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What you need to know for 07/21/2017

Malta officials satisfied new chip plant would be quieter

Malta officials satisfied new chip plant would be quieter

Malta town officials say they’re satisfied that a proposed second GlobalFoundries computer chip fact

Malta town officials say they’re satisfied that a proposed second GlobalFoundries computer chip factory won’t generate the nuisance noise complaints the first factory has.

The question of noise appeared to be settled Wednesday with a sound engineer’s finding that the backup power unit building at the proposed Fab 8.2 won’t generate the same extraneous noise as the first plant, if properly designed.

“Overall the conceptual design [for Fab 8.2] is a significant improvement over the first building,” said Jack A. Zybura, an acoustic engineer retained by the town’s engineering consultants, The Chazen Companies.

Zybura recommended the town require materials with a high acoustic absorption factor be used in the building — something GlobalFoundries appears willing to do.

“We can write it into the procurement specifications,” said Steve Groseclose, GlobalFoundries’ director of risk management, sustainability and real estate.

The town is currently doing an environmental impact review in anticipation of deciding whether to change its zoning law to allow the new factory, which could bring total employment at GlobalFoundries to more than 6,500 by 2020.

GlobalFoundries hasn’t yet committed to building the $14.7 billion factory, but has asked the towns of Malta and Stillwater to make their zoning decision by July 1.

Concerns about noise, traffic and the plant’s visual impacts have been the subject a series of Town Board workshops, but the report delivered at Wednesday’s workshop appears to have put the noise issue to rest.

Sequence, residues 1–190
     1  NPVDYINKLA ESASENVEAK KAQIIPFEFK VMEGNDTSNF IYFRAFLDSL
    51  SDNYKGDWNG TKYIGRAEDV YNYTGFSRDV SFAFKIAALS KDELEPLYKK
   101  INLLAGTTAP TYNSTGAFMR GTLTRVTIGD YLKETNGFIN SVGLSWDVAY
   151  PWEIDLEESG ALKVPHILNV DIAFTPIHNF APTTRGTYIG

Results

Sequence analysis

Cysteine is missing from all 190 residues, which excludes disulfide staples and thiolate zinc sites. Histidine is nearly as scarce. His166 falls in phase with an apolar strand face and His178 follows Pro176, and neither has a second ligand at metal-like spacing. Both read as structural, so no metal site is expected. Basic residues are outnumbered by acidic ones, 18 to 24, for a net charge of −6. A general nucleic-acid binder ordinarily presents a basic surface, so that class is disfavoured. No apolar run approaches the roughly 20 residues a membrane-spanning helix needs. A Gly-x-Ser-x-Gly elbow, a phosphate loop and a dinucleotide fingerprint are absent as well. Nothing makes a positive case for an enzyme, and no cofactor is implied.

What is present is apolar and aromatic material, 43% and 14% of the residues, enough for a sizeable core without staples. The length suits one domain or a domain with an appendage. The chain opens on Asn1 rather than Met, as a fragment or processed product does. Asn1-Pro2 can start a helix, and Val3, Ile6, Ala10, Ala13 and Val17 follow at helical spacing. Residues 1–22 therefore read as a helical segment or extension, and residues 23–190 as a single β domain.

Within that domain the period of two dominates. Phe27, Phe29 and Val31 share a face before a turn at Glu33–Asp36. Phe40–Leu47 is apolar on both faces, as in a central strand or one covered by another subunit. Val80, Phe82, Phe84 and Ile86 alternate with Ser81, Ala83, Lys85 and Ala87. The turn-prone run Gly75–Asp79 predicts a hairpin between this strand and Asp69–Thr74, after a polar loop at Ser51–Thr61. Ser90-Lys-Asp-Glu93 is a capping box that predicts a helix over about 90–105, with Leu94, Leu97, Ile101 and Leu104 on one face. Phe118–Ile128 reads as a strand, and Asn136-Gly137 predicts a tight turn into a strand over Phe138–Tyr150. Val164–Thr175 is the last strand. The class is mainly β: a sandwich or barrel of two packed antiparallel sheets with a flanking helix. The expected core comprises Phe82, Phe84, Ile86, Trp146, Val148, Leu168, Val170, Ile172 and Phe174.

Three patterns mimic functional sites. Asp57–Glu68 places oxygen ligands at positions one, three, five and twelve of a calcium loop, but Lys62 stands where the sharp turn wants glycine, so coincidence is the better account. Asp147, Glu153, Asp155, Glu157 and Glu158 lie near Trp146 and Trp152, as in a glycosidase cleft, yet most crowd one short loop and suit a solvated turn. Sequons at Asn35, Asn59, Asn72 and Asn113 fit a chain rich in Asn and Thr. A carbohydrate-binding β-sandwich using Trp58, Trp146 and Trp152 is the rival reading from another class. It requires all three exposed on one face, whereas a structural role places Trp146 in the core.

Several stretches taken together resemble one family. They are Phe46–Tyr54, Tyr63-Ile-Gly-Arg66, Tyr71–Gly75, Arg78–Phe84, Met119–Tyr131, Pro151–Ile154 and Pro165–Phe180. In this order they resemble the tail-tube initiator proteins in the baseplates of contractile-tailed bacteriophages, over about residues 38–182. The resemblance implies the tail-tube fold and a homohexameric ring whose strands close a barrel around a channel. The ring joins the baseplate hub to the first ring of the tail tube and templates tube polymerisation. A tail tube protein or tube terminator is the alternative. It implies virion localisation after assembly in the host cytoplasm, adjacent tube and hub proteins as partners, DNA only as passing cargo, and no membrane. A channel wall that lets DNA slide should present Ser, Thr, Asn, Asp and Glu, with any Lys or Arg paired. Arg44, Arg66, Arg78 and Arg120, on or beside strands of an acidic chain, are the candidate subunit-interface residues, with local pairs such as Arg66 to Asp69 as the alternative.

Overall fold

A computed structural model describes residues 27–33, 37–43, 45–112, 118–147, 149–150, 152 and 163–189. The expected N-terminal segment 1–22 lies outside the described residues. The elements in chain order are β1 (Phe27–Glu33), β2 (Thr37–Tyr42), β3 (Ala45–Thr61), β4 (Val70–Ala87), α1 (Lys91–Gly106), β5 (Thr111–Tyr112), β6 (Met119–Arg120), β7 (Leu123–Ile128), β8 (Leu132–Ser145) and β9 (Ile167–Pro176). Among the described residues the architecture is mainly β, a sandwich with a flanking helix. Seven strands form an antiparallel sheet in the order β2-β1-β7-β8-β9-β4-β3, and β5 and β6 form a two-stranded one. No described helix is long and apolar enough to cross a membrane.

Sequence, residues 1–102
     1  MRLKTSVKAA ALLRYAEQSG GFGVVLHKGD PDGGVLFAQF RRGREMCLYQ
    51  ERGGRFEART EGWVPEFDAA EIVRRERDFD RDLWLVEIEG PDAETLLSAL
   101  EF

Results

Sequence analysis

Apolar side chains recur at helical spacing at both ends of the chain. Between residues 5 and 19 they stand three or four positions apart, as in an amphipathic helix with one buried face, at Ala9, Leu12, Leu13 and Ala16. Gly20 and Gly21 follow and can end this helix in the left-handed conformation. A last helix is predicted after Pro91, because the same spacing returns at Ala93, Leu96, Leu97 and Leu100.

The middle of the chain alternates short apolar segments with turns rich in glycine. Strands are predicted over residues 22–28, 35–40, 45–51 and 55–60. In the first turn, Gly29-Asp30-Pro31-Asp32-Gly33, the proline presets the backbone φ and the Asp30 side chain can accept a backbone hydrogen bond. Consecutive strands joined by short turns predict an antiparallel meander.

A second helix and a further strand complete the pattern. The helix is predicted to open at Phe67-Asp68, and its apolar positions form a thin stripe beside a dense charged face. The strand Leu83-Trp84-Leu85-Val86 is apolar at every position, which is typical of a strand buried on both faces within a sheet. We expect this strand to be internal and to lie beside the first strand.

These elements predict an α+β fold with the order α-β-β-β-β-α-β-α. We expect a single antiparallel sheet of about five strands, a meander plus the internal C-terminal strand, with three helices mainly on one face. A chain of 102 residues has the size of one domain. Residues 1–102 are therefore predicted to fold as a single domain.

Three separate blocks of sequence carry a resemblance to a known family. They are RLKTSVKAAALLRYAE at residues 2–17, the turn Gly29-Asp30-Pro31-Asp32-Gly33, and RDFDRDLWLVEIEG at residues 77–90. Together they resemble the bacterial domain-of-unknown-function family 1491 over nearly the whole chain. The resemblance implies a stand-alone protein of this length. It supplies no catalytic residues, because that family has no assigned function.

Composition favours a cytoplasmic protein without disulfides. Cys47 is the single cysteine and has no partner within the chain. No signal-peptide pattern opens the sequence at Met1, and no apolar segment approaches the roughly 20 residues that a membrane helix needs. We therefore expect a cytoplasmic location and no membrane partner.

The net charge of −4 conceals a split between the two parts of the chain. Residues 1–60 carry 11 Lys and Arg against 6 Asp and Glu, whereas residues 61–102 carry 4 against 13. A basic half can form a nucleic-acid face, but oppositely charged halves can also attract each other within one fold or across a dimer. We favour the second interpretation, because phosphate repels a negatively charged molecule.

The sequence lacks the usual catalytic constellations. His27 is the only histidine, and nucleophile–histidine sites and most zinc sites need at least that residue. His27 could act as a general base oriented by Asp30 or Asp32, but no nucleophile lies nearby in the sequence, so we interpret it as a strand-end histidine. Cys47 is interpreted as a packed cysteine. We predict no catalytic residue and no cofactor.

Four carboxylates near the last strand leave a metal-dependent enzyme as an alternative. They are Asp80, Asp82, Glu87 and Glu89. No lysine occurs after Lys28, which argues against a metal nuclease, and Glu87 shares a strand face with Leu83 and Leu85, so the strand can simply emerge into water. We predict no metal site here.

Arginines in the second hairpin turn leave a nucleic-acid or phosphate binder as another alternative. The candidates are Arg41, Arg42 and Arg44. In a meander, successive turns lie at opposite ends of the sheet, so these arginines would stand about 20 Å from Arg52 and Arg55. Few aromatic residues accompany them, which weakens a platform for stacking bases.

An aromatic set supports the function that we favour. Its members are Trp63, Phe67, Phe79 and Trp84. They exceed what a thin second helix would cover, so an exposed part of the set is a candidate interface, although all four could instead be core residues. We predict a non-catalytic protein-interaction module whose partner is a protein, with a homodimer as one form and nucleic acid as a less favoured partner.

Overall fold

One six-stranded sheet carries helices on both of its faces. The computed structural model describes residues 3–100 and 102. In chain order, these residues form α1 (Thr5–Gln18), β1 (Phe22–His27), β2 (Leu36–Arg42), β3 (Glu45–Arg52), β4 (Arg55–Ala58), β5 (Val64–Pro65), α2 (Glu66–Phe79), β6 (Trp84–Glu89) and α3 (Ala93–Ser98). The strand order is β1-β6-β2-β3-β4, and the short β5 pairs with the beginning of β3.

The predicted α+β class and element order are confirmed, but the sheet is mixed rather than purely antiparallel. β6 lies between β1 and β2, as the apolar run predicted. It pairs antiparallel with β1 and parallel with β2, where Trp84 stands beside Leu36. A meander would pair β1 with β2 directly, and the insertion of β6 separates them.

“I think our engineers have done the evaluation so we have the information we need to adequately address noise mitigation,” said Town Supervisor Paul J. Sausville.

Noise has been an issue because the backup power units at the first factory have generated a high-pitched hum which is audible at times in the Luther Forest housing development and in parts of Stillwater.

The backup power unit buildings contain flywheels whose continuous spinning seems to be the source of the sound, which has generated months of complaints from neighbors.

Noise wasn’t expected to be a problem when that building was being designed, so it didn’t use acoustic absorption materials.

After trying to address the problem by installing baffles on vents in early 2012 and then new silencers on stacks last fall, the company will be spraying cellulose insulation inside the building starting later this month because some nearby residents are still hearing the noise.

Zybura said the insulation should reduce noise reverberations inside the building.

Also Wednesday, the Town Board decided to form a task force to pursue plans for a new Northway Exit 11A to help handle additional traffic from GlobalFoundries and from the intermodal rail yard in Halfmoon.

“I don’t want to lose any momentum on this,” said Councilman Peter Klotz, who will co-chair the task force with Councilwoman Maggi Ruisi.

Representatives of the village of Round Lake, the Saratoga County Department of Public Works, the Capital District Transportation Committee, GlobalFoundries, the Luther Forest Technology Campus and state transportation and economic development agencies will be asked to join the task force.

Officials acknowledge it may take many years to get federal and state approvals and financing for a new exit. In the meantime, the town and GlobalFoundries are discussing making traffic improvements at six existing intersections.

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